In this study, we evaluated the atrial and ventricular function of inflammatory rheumatic disease patients and compared them with healthy controls. Almost all parameters in patients with rheumatic disease except LVEF and RVEDD significantly differed from the control group. Subgroup analyses showed cardiac involvement in each SLE, SSc, and RA group.
Rheumatic diseases are responsible for myocardial, pericardial, valvular, electrical, and vascular changes in the cardiovascular system . Increased levels of proinflammatory cytokines , atherosclerosis , chronic inflammation , and underlying autoimmune mechanisms are related to cardiovascular involvement in patients with rheumatic diseases . As cardiovascular manifestations of rheumatic diseases may be silent or mild, early diagnosis and treatment help reduce mortality and morbidity . Our findings implied that even rheumatic disease patients on treatment may have abnormal TTE findings.
SLE is an autoimmune disease that can affect various organs, including the cardiovascular system . It has been shown that cardiovascular events are also higher in SLE patients compared with healthy controls . In our study, LVEF was not significantly different between SLE patients and healthy individuals, which is similar to the study by Huang et al. , although, a difference was observed when it came to the 3D echocardiography in this study. While LVEDD and LVESD were higher in SLE patients, RVEDD and RA were the only indifferent parameters between SLE and healthy subjects. Luo et al. assessed echocardiographic findings in SLE patients with different levels of pulmonary hypertension and they found no difference in terms of RVEDD and RV fractional area curve and TAPSE except for the ones with moderate/severe pulmonary hypertension . All in all, cardiac involvement is serious in SLE patients, and even in asymptomatic patients; a non-invasive method such as echocardiography can be helpful for the early detection of abnormalities .
Manifestations of SSc as another autoimmune disease are not limited to the skin, in a way that it can affect the whole body, including musculoskeletal, pulmonary, gastrointestinal, renal, endocrine, and cardiovascular systems . Cardiac complications of SSc may manifest as myocardial or pericardial damage, conduction system fibrosis, and valvular diseases; however, pulmonary hypertension caused by SSc is also responsible for cardiovascular involvement . In a study by Huez et al., right ventricular diastolic dysfunction was seen among patients diagnosed with SSc, caused by latent pulmonary hypertension . Following with the mentioned study, our study showed that the SPAP in the patient group was approximately 1.7 times that of the control group, indicating the presence of pulmonary hypertension in a significant proportion of SSc patients. Therefore, a simple TTE can have clinical implications in preventing this serious complication.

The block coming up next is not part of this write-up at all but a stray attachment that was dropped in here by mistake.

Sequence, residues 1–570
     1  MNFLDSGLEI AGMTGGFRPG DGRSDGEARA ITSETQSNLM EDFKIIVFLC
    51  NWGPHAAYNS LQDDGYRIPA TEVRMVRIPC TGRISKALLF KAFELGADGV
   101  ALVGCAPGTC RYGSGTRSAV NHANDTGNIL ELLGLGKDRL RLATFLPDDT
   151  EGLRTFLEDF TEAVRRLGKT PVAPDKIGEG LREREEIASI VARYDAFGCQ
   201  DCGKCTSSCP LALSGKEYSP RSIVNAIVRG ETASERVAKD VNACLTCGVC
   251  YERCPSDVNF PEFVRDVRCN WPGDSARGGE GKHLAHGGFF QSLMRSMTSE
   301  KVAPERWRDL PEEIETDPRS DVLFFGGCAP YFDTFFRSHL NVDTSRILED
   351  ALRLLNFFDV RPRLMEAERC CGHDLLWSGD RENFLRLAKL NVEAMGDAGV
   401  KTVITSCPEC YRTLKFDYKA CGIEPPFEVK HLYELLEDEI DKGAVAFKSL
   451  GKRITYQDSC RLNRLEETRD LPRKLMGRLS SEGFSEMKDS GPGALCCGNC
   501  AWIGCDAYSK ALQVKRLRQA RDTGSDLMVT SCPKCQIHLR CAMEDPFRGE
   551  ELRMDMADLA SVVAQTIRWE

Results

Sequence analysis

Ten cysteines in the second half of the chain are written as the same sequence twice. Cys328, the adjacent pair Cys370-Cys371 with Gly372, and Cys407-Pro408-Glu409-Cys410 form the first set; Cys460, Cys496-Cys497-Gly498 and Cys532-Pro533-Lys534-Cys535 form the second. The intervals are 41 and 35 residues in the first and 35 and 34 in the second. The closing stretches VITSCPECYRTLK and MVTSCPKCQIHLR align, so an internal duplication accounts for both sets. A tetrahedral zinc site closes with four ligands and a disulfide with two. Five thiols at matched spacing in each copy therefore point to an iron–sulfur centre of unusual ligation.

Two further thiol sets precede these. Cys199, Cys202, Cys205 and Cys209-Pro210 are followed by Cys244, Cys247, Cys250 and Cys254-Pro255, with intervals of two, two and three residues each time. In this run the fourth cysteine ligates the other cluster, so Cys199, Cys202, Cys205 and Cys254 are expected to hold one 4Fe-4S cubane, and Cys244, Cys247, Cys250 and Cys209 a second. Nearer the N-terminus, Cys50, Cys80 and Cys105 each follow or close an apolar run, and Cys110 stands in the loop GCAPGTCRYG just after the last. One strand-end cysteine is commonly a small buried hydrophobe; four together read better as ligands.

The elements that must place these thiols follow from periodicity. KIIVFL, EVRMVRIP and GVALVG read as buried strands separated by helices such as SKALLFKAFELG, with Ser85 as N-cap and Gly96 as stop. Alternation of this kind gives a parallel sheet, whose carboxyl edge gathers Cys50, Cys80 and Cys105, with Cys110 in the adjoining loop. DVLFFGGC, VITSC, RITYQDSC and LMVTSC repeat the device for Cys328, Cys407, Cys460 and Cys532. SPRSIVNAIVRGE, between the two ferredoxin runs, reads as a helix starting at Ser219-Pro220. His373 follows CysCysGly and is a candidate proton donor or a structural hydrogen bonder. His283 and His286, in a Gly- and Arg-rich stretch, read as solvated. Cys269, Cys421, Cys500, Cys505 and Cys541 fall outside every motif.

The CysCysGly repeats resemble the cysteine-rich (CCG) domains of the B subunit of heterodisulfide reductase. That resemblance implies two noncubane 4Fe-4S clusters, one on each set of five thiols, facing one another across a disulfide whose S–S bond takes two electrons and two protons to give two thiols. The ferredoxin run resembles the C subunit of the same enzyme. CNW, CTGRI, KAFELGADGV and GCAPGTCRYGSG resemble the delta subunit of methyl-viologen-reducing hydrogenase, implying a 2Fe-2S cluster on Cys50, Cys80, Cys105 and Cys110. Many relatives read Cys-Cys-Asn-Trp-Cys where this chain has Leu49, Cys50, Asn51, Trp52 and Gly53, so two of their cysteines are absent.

RA with a prevalence of about 1%, can have extra-articular presentations, including cardiovascular ones [21, 22]. Pericarditis is the most common cardiac manifestation, followed by myocarditis, congestive heart failure, cardiomyopathy, and pericardial effusion . The findings of our study suggest left ventricular dysfunction in RA cases shown by several parameters. This is in line with the results of a study by Myasoedova et al., which showed abnormal LV remodeling in RA patients without heart failure .
Although we did our best to make the study flawless, there were some limitations to our study. First, all the patients were selected from one center with the same ethnicity, which may threaten its generalizability. Second, despite highly-skilled cardiologists performing the TTE, this test is operator-related and may be erroneous in some cases. Finally, echocardiographic assessment in inflammatory rheumatic diseases has not been done much in the literature, and further research with more sample size is highly recommended.